We'll help you find the right solution for your needs
Does this sound like your topic?
Michigan state law and many local ordinances punish assault or assault and battery as a misdemeanor offense subject to up to 93 days in jail and/or a maximum $500 (five hundred dollar) fine. The assault or assault and battery constitutes domestic violence and/or domestic assault when any of the following also exists: 1) the complaining witness is a spouse or former spouse; 2) the complaining witness has a child in common with the Defendant; 3) the complaining witness has or had a dating relationship with the Defendant; 4) the complainint witness is a resident or a former resident of the same household as the Defendant. There are enhanced penalties against Defendants chaged with domestic violence based upon the following: 1) the Defendant had one prior conviction as explained below. This increases the possible punishment to a misdemeanor of not more than 1 year in jail, and a fine of not more than $1,000 (one thousand dollars), or both; 2) the Defendant has two or more prior convictions as explained below. This increases the offense to a felony, with possible incarceration up to 2 years in prison, a fine of not more than $2,500 (two thousand five hundred dollars), or both. The Defendant is also subject to possible habitual offender sentencing if convicted of the instant offense, and he or she has any prior felony convictions. The possible prior convictions which can increase the punishment of a domestic assault includes the following: 1) Assault under MCL 750.81a; 2) Assault and Infliction of Serious Injury under MCL 750.81a; 3) Felonious assault (Assault with a Dangerous Weapon) under MCL 750.82; 4) Assault with intent to Commit Murder under MCL 750.83; 5) Assault with intent to do Great Bodily Harm Less than Murder (Assault GBH) under MCL 750.84; 6) Assault with Intent to Maim under MCL 750.86; 7) A violation of a local ordinance that substantially corresponds to Assault; 8) A violation of a law of another state or local ordinance that substantially corresponds to any of the above statutes. In Michigan, a Defendant who is found guilty or pleads guilty to Assault under MCL 750.81, or Assault and infliction of serious injury under 750.81a may be eligible for a special provision of the law (MCL 769.4a) to a deferred disposition of the proceedings when the allegation involves domestic violence or domestic assault. Under MCL 769.4a the Court places the Defendant on probation after a finding of guilty, without entering a judgment. If the Defendant successfully completes the terms of sentence and probation, the Court discharges the Defendant and dismisses the proceedings without a finding of guilt. However, a non public record is maintained by the State Police to ensure that the Defendant isn't given the benefit of this provision a second time for another domestic violence related offense. The sentencing Court can, but is not required to, impose a period of incarceration even if it elects to grant the petition for MCL 769.4a or another diversionary status. In order to receive 769.4a the Defendant must meet the following criteria: 1) The Defendant has no previous conviction(s) for assaultive crimes in this or another state; 2) The Defendant consents to the deferred proceedings; 3) The Prosecuting Attorney, in consultation with the complaining witness, consents to the deferred proceedings. There are provisions under some local ordinances (if the Defendant is convicted under a local ordinance) that also give the Defendant the possibility of having the conviction expunged from the public record. Also, a Defendant that does not meet the criteria under 769.4a or a local diversionary program could have the offense expunged from the public record under the Holmes Youthful Trainee Act (HYTA), if he or she is eligible for HYTA. The Defendant could also pursue an expungement under the laws of the state of Michigan if he or she only has the 1 conviction on their record, and otherwise qualifies for an expungement. A violation of probation, if substantiated, can result in the loss of a deferred disposition obtained under MCL 769.4a, a diversion through local ordinance, or HYTA. In fact, the Court is required to enter the plea of guilty and impose sentence if any of the following occurs: 1) the Defendant fails to attend and participate in counseling if directed to do so; 2) the Defendant violates any outsandting no contact provisions placed on the Defendant's bail or bond; 3) The Defendant commits an assaultive crime while out on probation. A conviction for domestic violence can impact an individual's 2nd Amendmen t freedom to bear arms. Federal and/or Michigan State law prohibitions can arise upon a conviction for a domestic violence crime, including the right to purchase, possess, transport, and/or obtain a Carrying a Concealed Weapon (CCW) permit. This could also have repercussions on employment in which possession of a firearm is necessary. Domestic violence allegations can effect an individual's parental custodial rights under MCL 722.23(k), MCL 722.25(1),and MCL 722.27a(3). It is not uncommon for allegations of domestic violence to be raised precisely for tthis impact during a custody dispute. This can devistate the bond and relationship between parent and child. Persons that are not citizens of the United States need to be cautious when faced with domestic violence or domestic assault allegations. These type of offense can lead to removal proceedings and deportation in some instances. MCL 769.4a will NOT protect an alien facing potential immigration consequences based upon an allegation of domestic violence - it is still considered a conviction for immigration purposes. Always consult with experienced immigration lawyers, such as the lawyers at Hilf & Hilf, PLC, whenever a criminal allegation has potential immigration consequences. A Court can order a number of bail or bond conditions relating to domestic violence or domestic assault allegations that are unpleasant such as (but not limited to): no contact with the complaining witness; cannot go to residence (even if the Defendant is the owner or leasor of the residence); tether; substance abuse testing; subtance abuse counseling; monitoring by pretrial services or probation; cannot possess a firearm or dangerous weapon. The Court can also order burdensome probationary conditions upon a Defendant convicted of a domestic violence or domestic assault related offense such as (but not limited to): no contact with the complaining witness; cannot go to residence (even if the Defendant is the owner or leasor of the residence); tether; domestic violence counseling; anger management counseling; substance abuse testing; substance abuse counseling; community service; monitoring by probation; payment of fines and costs; cannot possess a firearm or dangerous weapon. An individual accused of a domestic violence related offense should hire an experienced criminal defense attorney immediately to assist him or her. As noted, the consequences of such a conviction can effect an individual's freedom, reputation, employment, and relationship with his or her family. Daniel Hilf, Esq. of the law firm of Hilf & Hilf, PLC, is a lawyer who is driven by a commitment to his clients. His legal career is distinguished by an ability to think on his feet, to analyze issues in both conventional and unconventional ways, and to react effectively against the challenges presented by Prosecutors and Courts. “There is no greater hardship than to be deprived of your family and freedom, and the quality of the lawyer often makes all the difference. When the government – the prosecutors and the police, with all its power and indifference, chooses to act against you, you need a lawyer with the confidence, the experience and talent to obtain the right result. I cannot let my clients down, and I will fight for them".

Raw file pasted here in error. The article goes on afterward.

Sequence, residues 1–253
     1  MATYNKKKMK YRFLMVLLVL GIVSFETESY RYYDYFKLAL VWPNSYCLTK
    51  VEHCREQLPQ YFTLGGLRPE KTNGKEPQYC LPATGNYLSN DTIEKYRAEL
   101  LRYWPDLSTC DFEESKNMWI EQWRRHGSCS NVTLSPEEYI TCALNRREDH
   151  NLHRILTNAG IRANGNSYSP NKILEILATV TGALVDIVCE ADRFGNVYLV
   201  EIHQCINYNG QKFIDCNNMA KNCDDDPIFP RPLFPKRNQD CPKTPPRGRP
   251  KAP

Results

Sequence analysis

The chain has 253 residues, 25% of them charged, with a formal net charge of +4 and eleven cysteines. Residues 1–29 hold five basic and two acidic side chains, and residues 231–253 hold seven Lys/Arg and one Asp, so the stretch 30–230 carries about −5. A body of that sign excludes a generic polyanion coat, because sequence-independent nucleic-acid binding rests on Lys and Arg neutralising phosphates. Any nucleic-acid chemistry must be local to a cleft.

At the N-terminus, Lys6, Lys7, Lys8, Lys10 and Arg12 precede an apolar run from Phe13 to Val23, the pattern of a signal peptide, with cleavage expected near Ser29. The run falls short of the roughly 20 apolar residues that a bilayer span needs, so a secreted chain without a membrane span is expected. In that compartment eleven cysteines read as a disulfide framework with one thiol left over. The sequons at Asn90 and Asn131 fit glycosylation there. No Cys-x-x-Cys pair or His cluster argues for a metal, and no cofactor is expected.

Immigration Immigration holds and deportation Immigrant status Criminal charges and immigration status Child custody Domestic violence and child custody Criminal defense Criminal charges Felony crime Crimes against persons Criminal charges for assault and battery Domestic violence and criminal charges Criminal charges for murder Defenses for criminal charges Criminal record Expungement of criminal record Probation for criminal conviction Employment Violent crime State, local, and municipal law